Anchorage Assembly member Christopher Constant announces run for U.S. House against Don Young

Anchorage Assembly member Christopher Constant will run for U.S. House in this year’s statewide elections, he said Thursday.

Constant is the first registered Democrat in this election to say that they will challenge Rep. Don Young, who has held Alaska’s lone House seat since 1973. He’s also the first openly gay candidate for statewide office in Alaska.

Speaking after a campaign event at 49th State Brewing, he said he’s running because of broad disappointment about the state’s economic picture.

“I want to see the kids have an opportunity, when they’ve graduated college, to have an actual job when they get back here. Despite all efforts, that is not the climate we’re living in right now,” he said.

He said running for Congress has been a long-term aspirational goal, describing himself as “one of those oddballs in high school who went to leadership camp,” but he began actively thinking about it after Nick Begich III, Young’s most prominent Republican opponent, entered the race.

He said Begich has “picked up on the more extreme right-wing messaging.” As an example of that kind of messaging from another source, he cited the Republican National Committee’s description of the U.S. Capitol riot as “legitimate political discourse.”

“That kind of thinking cannot be the center of this campaign,” he said. “We can’t drive more to the right, or we’re going to fall off the edge of the flat world.”


Responding to Constant’s entry into the race, Begich said, “America is a marketplace of ideas. Christopher Constant’s entry into the race appears to indicate that Democrats see Don Young’s service coming to an end.”

He said he looks forward to debating both Constant and Young on the issues.

“I just hope that Congressman Don Young will respect Alaskans enough to show up to debate and discuss the issues,” Begich said.

Matt Shuckerow, speaking on behalf of Young’s campaign, said that Young “has always welcomed all candidates to the congressional race. While much of his focus remains on his official duties, Congressman Young looks forward to running a strong campaign and earning the support of a growing coalition of Alaskans.”

He said “no amount of political ambition can replace Don Young’s experience and seniority in Congress.” Those could be particularly important, he said, with Republicans poised to take control of the U.S. House.

Constant currently serves as the vice chair of the Anchorage Assembly and said he will keep that role.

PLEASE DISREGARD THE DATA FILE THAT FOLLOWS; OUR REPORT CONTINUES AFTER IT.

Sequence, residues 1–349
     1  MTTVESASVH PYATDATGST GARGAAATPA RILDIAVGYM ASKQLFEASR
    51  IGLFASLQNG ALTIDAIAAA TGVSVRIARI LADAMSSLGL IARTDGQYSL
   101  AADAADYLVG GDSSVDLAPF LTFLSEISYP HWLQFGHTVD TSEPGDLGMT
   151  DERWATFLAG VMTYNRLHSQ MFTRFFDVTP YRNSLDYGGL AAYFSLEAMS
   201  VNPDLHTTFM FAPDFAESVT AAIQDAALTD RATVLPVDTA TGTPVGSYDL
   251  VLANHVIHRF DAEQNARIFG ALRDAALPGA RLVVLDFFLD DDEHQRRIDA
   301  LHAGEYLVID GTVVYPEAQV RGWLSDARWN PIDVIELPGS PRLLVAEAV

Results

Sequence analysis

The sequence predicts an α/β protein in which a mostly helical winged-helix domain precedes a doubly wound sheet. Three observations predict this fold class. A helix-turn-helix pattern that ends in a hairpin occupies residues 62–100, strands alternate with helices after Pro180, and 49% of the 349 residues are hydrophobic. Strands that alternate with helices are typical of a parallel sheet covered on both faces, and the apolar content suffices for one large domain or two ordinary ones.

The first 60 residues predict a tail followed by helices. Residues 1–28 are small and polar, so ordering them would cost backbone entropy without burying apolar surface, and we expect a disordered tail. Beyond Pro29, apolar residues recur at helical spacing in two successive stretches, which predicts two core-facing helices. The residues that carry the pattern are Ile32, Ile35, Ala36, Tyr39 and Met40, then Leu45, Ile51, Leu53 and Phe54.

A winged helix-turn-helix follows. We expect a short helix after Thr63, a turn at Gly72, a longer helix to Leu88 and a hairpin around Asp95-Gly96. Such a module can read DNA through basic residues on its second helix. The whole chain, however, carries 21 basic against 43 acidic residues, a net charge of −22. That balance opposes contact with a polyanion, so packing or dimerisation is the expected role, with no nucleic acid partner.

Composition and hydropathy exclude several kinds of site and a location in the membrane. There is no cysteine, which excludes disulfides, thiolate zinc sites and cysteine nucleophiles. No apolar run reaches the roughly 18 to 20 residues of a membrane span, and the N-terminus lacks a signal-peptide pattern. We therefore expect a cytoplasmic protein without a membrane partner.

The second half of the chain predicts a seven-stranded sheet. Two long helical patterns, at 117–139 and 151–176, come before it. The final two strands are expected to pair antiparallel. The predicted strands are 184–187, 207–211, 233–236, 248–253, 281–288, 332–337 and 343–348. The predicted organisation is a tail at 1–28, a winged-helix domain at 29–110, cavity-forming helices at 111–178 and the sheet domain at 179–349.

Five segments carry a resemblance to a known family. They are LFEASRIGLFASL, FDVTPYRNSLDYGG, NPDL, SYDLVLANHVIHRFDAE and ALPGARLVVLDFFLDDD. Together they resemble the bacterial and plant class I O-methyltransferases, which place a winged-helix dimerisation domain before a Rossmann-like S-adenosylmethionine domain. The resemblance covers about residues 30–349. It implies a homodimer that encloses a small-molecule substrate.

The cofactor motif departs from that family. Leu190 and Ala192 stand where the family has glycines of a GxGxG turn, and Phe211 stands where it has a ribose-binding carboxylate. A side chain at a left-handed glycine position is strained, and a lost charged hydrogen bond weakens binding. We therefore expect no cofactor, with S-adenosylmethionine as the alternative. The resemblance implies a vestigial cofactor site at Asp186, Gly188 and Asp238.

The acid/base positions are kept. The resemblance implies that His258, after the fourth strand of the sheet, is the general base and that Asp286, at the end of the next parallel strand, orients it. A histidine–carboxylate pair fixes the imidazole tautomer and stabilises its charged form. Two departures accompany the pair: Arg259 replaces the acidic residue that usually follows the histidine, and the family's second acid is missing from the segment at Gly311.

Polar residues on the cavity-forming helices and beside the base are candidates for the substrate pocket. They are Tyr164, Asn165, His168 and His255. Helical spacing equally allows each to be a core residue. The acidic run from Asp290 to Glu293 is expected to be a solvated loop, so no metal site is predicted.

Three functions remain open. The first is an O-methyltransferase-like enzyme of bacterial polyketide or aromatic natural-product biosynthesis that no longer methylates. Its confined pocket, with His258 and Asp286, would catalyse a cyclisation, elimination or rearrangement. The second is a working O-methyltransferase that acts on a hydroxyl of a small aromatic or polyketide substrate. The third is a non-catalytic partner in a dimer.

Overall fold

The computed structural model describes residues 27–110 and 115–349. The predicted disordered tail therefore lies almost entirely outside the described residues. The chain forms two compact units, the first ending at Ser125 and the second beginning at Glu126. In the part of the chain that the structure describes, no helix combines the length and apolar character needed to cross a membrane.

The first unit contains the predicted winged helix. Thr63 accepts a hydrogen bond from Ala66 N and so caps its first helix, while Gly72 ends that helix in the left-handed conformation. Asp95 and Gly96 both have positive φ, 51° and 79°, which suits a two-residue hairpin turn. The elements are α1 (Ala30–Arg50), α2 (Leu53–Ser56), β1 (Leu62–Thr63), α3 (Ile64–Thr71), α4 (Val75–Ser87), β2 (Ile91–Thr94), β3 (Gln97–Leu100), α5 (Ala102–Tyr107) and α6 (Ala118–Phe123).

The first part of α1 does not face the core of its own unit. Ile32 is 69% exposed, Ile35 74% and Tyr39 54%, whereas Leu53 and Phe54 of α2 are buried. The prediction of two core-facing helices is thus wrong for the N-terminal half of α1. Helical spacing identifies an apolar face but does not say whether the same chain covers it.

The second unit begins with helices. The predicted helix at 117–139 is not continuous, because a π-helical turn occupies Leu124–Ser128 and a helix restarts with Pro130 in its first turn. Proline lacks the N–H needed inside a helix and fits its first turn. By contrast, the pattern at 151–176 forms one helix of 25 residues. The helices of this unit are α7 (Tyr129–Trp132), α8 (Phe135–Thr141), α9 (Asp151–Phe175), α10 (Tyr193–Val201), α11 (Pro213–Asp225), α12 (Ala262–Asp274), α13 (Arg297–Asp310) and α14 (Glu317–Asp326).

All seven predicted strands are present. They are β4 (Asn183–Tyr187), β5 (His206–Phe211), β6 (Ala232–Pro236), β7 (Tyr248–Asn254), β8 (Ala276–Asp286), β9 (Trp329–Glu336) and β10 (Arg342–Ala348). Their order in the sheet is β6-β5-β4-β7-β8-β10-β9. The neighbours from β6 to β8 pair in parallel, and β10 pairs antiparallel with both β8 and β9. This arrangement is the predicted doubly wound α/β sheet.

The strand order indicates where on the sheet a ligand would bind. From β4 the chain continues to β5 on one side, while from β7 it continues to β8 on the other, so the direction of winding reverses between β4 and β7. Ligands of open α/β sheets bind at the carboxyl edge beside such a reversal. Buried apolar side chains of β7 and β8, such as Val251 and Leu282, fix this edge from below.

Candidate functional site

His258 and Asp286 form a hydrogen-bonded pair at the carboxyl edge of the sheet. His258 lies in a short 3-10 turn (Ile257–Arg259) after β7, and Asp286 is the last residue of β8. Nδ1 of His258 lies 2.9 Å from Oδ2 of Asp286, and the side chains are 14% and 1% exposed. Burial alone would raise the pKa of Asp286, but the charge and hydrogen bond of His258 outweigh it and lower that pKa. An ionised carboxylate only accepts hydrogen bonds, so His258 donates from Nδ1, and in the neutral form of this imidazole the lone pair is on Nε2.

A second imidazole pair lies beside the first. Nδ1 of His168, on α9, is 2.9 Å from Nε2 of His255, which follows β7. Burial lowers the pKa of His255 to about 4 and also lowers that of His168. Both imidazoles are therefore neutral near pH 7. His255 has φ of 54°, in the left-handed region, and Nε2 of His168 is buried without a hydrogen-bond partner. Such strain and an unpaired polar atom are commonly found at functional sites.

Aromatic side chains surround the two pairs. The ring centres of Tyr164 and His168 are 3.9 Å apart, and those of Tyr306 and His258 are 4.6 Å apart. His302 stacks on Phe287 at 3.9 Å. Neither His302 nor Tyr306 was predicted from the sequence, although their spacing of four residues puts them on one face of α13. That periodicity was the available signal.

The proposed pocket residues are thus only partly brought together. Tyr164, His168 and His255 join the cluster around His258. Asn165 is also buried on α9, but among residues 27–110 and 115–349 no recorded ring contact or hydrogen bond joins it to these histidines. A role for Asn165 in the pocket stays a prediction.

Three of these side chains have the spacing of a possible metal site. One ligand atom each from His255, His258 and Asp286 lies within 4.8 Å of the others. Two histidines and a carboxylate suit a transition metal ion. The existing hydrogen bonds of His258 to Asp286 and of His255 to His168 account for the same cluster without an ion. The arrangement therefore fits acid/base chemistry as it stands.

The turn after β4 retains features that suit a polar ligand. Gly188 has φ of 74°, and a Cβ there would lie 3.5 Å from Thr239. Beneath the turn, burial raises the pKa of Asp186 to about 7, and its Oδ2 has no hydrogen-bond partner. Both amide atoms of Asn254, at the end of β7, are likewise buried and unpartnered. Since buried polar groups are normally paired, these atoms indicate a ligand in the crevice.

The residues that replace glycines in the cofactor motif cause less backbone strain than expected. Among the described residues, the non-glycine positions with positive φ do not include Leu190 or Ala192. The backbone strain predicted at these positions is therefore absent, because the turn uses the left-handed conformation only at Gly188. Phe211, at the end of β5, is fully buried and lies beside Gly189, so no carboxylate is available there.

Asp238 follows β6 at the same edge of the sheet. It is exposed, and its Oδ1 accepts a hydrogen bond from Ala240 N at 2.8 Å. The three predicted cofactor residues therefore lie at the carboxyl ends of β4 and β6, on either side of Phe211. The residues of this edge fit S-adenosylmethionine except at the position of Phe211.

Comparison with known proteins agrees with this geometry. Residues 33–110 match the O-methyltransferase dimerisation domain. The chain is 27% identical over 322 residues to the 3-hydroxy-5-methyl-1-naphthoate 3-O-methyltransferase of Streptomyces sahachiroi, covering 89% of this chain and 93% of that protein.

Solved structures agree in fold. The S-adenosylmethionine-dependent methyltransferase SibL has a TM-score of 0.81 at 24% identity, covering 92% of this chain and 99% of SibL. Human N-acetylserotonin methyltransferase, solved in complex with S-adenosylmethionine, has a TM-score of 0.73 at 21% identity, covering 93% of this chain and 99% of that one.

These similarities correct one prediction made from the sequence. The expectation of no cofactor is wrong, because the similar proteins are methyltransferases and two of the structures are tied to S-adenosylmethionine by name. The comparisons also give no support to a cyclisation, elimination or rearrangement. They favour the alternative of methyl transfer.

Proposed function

“I’m not leaving the Assembly seat; there’s no reason why I have to, and I’m going continue representing my neighbors and constituency,” he said.

He said the upcoming addition of a 12th Assembly seat will help that representation, because there will be two people representing Assembly District 1 for the first time.

He also intends to withdraw from some leadership positions, such as the city’s negotiating group on homelessness, and will take long-term leave from his day job.

Constant acknowledged his status as Alaska’s first openly gay candidate for statewide office, but said he doesn’t want that aspect of his identity to define his candidacy.

“It is who I am. It’s integral to my identity, because of who I love and how my life is organized. But it’s not the central thing,” he said.

Growing up during the 1980s and the AIDS epidemic informed his reaction to the COVID-19 pandemic, Constant said. Also, he arrived in Alaska in the late 1990s, when the state was debating and passing a constitutional amendment defining marriage as between one man and one woman. That amendment, though legally unenforceable, remains part of the state constitution.

In the past few months, he’s been the subject of homophobic remarks delivered in the Assembly chambers. He said those remarks indicate how far society has to go toward acceptance.

Young has been in office since 1973 and has defeated many challengers. Constant said the state’s new election system — a top-four August primary with ranked-choice voting in November — changes the debate.

If Republicans are fractured between Begich and Young, that opens an opportunity for someone new, he said.

“I, of course, want Alaskans to vote for me in that No. 1 spot. And if they can’t vote for me as No. 1, I prefer that they vote for me as No. 2, because I can assure you, I will bring a conversation to Washington that will be collaborative, hardworking, and about the future and not getting dragged down into these internecine battles,” he said.

James Brooks

James Brooks was a Juneau-based reporter for the ADN from 2018 to May 2022.